Coplans, John, ed. Roy Lichtenstein. New York, 1972.
Alloway, Lawrence. Roy Lichtenstein. New York, 1983.
Waldman, Diane. Roy Lichtenstein. Exh. cat., Solomon R. Guggenheim Museum, New York, 1993.
Busche, Ernst. In The Dictionary of Art. Edited by Jane Turner. Vol. 19. London and New York, 1996, pp. 327-29.
With Leo Castelli Gallery, New York
Collection Ellen H. Johnson (1964?), by whom given in 1979
Berkeley, University Art Museum, University of California, 1987. MADE IN USA: An Americanization in Modern Art, the '50s and '60s. 4 April - 21 June (also shown at Kansas City,
The Nelson-Atkins Museum of Art; and Richmond, Virginia Museum of Fine Arts). Cat. no. 156.
Stich, Sidra. MADE IN USA: An Americanization in Modern Art, the '50s and '60s. Exh. cat., University Art Museum, University of California, Berkeley, 1987, p. 156.
Johnson, Ellen H. Fragments Recalled at Eighty: The Art Memoirs of Ellen H. Johnson. Edited by Athena Tacha. North Vancouver, 1993, p. 6.
The plain tabby-weave canvas is covered with what appears to be a commercially prepared and applied ground layer, possibly bound with oil. The paint medium is a mixture of oil and Magna.6 There is some indication that the artist may have used a thin grey-black wash to initially sketch in the black outlines. The white ground is used for all the whites in the painting, a significant area of the work. The work is in good and stable condition with minor surface grime.
1. Other "Girls" include In the Car, 1963, oil and magna on canvas, 172.7 x 203.2 cm, Edinburgh, Scottish National Gallery of Modern Art; Hopeless, 1963, oil and Magna on canvas, 111.8 x 111.8 cm, collection Peter and Irene Ludwig, on loan to Basel, Kunstmuseum; and Drowning Girl, 1963, oil and Magna on canvas, 171.6 x 169.5 cm, New York, The Museum of Modern Art. All reproduced in Diane Waldman, Roy Lichtenstein(exh. cat., Solomon R. Guggenheim Museum, New York, 1993), pls. 103, 104, and 106, respectively.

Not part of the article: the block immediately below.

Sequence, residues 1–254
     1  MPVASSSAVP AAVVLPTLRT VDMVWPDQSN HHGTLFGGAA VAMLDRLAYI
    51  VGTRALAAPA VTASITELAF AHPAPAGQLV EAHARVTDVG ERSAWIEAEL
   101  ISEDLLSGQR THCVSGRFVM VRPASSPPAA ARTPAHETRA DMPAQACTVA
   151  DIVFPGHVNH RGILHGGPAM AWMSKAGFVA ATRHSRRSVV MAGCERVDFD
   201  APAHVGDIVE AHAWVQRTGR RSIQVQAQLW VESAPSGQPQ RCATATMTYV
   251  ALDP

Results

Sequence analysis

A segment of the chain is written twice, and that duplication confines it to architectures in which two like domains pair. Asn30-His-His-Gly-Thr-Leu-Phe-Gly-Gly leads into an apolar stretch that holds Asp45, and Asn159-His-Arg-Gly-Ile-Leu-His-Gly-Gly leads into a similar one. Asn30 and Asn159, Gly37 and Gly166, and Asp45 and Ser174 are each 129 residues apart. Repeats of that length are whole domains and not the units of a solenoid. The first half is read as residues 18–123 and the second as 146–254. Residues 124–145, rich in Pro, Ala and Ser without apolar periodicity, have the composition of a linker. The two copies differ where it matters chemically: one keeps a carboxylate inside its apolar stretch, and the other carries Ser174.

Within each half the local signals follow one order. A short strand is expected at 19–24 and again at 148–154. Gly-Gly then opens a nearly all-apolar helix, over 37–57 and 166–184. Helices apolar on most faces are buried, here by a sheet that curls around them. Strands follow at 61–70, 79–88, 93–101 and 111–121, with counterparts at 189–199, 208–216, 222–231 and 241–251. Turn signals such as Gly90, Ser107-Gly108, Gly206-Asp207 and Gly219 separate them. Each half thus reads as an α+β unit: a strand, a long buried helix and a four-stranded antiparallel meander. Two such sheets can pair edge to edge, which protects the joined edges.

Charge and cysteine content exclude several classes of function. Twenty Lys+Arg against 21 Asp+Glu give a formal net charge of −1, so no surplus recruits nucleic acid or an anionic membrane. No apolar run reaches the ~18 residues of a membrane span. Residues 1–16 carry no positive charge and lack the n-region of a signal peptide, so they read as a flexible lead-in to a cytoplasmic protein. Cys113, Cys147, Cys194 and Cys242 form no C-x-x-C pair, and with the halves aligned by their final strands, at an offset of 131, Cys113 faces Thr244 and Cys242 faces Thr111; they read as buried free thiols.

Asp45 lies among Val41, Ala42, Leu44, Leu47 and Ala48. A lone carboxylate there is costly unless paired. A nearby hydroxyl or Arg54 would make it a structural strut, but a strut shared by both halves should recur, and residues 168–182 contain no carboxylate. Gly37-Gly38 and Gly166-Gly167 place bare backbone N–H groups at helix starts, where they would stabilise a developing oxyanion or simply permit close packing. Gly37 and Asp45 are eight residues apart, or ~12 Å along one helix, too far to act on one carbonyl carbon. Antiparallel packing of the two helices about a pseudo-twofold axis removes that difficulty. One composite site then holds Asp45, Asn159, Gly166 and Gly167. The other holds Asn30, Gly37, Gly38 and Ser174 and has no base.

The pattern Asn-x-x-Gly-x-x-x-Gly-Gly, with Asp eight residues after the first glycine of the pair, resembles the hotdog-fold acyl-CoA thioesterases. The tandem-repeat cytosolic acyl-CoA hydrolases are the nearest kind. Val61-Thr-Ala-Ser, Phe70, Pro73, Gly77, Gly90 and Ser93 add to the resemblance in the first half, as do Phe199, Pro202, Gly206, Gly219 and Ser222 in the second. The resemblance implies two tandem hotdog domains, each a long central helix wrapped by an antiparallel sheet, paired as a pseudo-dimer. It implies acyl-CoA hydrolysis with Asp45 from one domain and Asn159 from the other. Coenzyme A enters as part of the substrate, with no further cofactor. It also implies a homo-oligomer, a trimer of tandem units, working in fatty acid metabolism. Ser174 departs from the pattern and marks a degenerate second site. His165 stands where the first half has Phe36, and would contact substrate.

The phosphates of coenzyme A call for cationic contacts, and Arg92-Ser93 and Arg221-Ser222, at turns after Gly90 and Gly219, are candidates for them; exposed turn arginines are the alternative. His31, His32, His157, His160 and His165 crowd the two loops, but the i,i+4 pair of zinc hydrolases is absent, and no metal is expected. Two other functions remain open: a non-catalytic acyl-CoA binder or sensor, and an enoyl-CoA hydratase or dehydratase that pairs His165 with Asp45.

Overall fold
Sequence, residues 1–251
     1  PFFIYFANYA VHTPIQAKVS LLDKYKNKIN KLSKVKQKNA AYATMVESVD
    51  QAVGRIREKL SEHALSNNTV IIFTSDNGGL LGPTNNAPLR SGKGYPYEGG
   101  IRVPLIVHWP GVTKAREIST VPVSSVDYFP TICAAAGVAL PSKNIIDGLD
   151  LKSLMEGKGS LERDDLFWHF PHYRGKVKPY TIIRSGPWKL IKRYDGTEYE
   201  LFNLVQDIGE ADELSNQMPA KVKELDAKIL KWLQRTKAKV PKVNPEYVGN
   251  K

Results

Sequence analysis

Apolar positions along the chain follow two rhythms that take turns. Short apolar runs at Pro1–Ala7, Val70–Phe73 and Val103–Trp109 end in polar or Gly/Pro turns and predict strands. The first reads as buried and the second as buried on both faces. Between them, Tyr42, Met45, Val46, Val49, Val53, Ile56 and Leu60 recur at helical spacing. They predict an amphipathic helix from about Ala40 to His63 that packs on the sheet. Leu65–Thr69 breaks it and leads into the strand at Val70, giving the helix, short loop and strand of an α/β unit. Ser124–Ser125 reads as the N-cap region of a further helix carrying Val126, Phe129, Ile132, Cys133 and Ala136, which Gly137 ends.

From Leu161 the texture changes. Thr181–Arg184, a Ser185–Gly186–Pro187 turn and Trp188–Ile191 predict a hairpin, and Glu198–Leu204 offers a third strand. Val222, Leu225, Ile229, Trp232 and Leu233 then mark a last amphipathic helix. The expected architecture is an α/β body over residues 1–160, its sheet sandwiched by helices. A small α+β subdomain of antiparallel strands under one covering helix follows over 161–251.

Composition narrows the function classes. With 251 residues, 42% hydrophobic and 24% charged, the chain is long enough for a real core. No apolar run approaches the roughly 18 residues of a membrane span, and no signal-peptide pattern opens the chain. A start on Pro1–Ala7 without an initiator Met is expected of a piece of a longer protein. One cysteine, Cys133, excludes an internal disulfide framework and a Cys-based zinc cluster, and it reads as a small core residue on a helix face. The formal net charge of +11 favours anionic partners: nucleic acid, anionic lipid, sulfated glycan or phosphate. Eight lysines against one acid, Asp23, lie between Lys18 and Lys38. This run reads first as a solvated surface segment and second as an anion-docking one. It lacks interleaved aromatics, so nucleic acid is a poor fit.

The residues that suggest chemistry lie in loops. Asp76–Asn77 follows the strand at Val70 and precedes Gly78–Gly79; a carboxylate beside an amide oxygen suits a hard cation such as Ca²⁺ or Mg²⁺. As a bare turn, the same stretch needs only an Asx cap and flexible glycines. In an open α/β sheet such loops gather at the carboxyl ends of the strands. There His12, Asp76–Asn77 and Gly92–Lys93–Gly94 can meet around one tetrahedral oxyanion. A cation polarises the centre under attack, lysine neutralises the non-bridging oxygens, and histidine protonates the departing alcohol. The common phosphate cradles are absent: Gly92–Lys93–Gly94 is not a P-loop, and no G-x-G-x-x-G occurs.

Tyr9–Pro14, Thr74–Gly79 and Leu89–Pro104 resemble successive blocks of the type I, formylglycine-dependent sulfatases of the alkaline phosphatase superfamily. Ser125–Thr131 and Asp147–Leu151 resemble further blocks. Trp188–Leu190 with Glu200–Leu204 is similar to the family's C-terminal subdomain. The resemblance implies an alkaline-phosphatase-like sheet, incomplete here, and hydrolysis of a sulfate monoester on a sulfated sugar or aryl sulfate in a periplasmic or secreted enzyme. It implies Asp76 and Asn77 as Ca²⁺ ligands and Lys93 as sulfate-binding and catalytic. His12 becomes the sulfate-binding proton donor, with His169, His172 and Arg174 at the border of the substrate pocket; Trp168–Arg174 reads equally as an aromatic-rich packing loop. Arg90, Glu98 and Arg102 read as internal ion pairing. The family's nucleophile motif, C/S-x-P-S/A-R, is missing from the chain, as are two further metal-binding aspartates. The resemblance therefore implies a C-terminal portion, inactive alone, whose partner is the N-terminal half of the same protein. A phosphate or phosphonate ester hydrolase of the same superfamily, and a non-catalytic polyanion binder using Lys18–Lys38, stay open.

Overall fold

2. Craig!!, graphite and colored pencil, 15 x 15.2 cm; sale New York (Christie's), 4 May 1989, lot 147.
3. For a brief introduction to and anthology of romance comics, see Richard Howell, Real Love: The Best of the Simon and Kirby Romance Comics: 1940s and 1950s (Forestville, Calif., 1988). These comics are all illustrated by Joe Simon and Jack Kirby.
4. On Lichtenstein's recasting of images from the comics, see Adam Gopnik, "Comics," in High and Low: Modern Art and Popular Culture(exh. cat., The Museum of Modern Art, New York, 1991), pp. 199-208.
5. On Lichtenstein's technique, see John Coplans, "Talking with Roy Lichtenstein," in Roy Lichtenstein (New York, 1972), pp. 86-87.
6. Magna is a brand of synthetic permanent colors that can be mixed with turpentine and mineral spirits. It dries quickly and with a matte finish. See John Coplans, "Talking with Roy Lichtenstein," in Roy Lichtenstein (New York, 1972), p. 87.